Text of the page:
Cookies Policy

This site uses cookies. By continuing to browse the site you are agreeing to our use of cookies.

I accept this policy

Find out more here

Reaction To Novel Objects in a Troop of Guinea Baboons: Approach and Manipulation

No metrics data to plot.
The attempt to load metrics for this article has failed.
The attempt to plot a graph for these metrics has failed.
The full text of this article is not currently available.

Brill’s MyBook program is exclusively available on BrillOnline Books and Journals. Students and scholars affiliated with an institution that has purchased a Brill E-Book on the BrillOnline platform automatically have access to the MyBook option for the title(s) acquired by the Library. Brill MyBook is a print-on-demand paperback copy which is sold at a favorably uniform low price.

Access this article

+ Tax (if applicable)
Add to Favorites
You must be logged in to use this functionality

image of Behaviour

A troop of Guinea baboons living in an enclosure was exposed every day and for twelve consecutive days to a new object. The new object and the object(s) of the previous day(s) were presented simultaneously in the compound. The troop as a whole demonstrated excellent abilities to rapidly react to the new objects: 11 out of 12 new objects were discovered within a maximum of 3 min of their first presentation and were furthermore the first to be approached. An analysis conducted on data from age and sex subgroups showed the preponderant part played by juveniles and by some adult males in the discovery process and subsequent contacts with objects. The results are discussed within the conceptual frame of "cognitive mapping". In addition, the extent to which social factors (e.g. dominance) and perceptual and cognitive factors might determine the differential role of subgroups in the exploration and manipulation of objects is examined.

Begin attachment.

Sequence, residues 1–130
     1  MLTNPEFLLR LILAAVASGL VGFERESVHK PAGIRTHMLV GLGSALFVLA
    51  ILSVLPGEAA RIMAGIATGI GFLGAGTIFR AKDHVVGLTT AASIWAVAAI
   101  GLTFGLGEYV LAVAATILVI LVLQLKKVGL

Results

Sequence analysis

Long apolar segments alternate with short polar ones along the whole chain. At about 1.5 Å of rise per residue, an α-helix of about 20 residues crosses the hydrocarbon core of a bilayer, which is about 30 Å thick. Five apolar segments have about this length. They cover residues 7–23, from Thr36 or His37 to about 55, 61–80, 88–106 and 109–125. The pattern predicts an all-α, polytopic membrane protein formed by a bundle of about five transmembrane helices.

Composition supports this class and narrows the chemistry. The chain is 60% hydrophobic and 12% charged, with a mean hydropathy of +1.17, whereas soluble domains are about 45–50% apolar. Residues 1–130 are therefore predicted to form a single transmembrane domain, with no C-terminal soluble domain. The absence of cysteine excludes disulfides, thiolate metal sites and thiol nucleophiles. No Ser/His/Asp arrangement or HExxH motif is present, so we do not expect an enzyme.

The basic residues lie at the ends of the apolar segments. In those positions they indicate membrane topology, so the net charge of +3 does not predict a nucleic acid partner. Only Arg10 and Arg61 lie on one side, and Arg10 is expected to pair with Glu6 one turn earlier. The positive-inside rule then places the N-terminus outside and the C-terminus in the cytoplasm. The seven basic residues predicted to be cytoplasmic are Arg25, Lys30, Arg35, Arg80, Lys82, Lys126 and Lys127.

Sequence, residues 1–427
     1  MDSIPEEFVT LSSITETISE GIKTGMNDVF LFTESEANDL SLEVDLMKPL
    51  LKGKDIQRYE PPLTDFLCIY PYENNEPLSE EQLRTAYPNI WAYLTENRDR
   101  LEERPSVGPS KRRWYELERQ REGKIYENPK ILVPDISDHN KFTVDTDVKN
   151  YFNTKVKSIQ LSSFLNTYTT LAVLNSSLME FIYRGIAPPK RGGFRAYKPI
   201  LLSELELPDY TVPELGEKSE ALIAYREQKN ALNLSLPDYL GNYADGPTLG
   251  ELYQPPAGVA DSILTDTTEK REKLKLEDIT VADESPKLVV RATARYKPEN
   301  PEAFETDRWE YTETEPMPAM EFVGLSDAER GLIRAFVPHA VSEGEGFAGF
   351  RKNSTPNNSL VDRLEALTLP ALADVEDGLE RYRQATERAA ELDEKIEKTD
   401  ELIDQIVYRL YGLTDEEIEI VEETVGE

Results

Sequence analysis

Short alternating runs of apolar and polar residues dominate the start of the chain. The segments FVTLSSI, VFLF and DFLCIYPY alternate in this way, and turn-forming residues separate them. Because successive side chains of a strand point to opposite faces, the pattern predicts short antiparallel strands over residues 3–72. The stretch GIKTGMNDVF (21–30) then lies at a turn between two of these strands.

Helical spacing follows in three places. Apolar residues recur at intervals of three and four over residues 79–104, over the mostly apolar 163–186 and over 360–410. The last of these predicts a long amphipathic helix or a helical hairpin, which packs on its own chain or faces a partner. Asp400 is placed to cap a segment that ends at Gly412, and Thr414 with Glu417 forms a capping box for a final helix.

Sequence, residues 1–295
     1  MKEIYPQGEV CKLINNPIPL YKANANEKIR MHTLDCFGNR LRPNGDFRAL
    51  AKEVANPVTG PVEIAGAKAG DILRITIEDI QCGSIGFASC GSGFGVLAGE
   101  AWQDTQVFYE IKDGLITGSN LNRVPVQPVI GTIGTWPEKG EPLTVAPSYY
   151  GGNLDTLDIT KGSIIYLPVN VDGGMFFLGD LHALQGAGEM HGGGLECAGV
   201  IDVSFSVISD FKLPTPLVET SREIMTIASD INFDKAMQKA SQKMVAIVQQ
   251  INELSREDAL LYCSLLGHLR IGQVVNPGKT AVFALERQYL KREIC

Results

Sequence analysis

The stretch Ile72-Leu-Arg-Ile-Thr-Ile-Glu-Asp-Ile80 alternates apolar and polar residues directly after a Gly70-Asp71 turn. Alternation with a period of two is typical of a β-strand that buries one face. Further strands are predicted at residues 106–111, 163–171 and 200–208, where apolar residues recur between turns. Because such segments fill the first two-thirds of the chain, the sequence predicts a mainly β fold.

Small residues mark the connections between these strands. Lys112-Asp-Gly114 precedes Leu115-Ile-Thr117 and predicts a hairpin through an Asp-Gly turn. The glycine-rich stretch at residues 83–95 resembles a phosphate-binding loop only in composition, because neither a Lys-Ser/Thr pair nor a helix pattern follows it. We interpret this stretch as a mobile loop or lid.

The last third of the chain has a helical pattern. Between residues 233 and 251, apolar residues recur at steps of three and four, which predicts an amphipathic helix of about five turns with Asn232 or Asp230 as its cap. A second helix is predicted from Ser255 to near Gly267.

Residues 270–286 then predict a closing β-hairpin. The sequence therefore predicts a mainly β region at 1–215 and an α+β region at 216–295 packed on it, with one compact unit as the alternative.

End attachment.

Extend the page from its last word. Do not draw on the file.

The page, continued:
Affiliations: 1: Département de Psychologie Animale, C.N.R.S. - I.N.P.9, 31, chemin J. Aiguier, 13402 Marseille cedex 9, France


Full text loading...


Data & Media loading...

Article metrics loading...



Can't access your account?
  • Tools

  • Add to Favorites
  • Printable version
  • Email this page
  • Subscribe to ToC alert
  • Get permissions
  • Recommend to your library

    You must fill out fields marked with: *

    Librarian details
    Your details
    Why are you recommending this title?
    Select reason:
    Behaviour — Recommend this title to your library
  • Export citations
  • Key

  • Full access
  • Open Access
  • Partial/No accessInformation